Take a picnic to watch Uluru at sunset
Probably the most popular activity at Uluru, so prepare for lots of people! Like at sunrise, there is also a Uluru Sunset Viewing Area signposted in the park and on Google Maps.
Uluru changes colour at sunset and it’s a performance you can’t miss, from the burnt orange of daytime, to the dark red at sundown.
If you go to the main Sunset Viewing Area, I recommend arriving at least 45 minutes before sunset. You may need to arrive earlier to get a parking space along the front row looking out to the rock.
TIP: back your car in, open the truck and set up your picnic in there while you watch the show. And have your camera ready for some snaps.
Visit the Field of Light installation after dark
There are 3 departures daily after sunset which will take you from the resort to the Field of Light art installation.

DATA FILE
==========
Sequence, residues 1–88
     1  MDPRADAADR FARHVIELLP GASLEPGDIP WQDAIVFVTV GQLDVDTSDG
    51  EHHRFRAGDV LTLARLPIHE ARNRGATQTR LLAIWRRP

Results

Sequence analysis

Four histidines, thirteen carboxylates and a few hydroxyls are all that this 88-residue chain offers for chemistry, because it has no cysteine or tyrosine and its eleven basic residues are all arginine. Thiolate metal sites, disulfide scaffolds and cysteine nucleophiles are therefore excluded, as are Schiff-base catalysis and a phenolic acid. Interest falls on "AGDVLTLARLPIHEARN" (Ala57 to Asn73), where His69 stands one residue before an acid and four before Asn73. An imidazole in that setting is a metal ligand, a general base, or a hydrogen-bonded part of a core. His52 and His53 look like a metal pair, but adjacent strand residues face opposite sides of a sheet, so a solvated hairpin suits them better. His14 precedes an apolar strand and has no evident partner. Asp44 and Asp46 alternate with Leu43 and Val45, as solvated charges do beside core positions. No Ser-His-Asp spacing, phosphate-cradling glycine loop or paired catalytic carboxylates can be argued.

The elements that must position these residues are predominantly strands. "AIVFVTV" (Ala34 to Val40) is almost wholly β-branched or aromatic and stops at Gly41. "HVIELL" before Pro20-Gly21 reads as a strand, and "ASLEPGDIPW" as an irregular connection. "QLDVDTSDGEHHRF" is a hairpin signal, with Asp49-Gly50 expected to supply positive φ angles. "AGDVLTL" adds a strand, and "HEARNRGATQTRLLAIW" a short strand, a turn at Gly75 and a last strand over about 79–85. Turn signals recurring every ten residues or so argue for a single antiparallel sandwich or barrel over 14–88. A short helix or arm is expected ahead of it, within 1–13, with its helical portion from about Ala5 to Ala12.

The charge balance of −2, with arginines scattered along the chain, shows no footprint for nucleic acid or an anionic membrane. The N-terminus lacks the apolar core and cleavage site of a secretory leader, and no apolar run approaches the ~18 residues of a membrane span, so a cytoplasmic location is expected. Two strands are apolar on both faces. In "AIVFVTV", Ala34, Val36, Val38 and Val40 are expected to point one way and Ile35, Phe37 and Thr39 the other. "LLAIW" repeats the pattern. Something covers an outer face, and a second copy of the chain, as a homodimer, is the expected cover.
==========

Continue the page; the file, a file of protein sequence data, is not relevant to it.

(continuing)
The Field of Light is a huge art installation, bigger than 7 football fields, created by artist Bruce Monro and it’s his first solar powered art installation. Seeing the lights spread as far as your eye can see across the desert floor really is spectacular.
The Uluru resort have recently confirmed that the installation will remain there indefinitely, however, it is popular so you will need to book your tickets in advance here.
Tickets start from $43 for the return pick-up from the resort and self-guided walk. However there are other, more expensive options available for tours on camel back, or to include dinner.
Once in a lifetime experiences
If we had enough time, we would have loved to do a hot air balloon ride, unfortunately they were fully booked as it was peak season, so be sure to book in advance.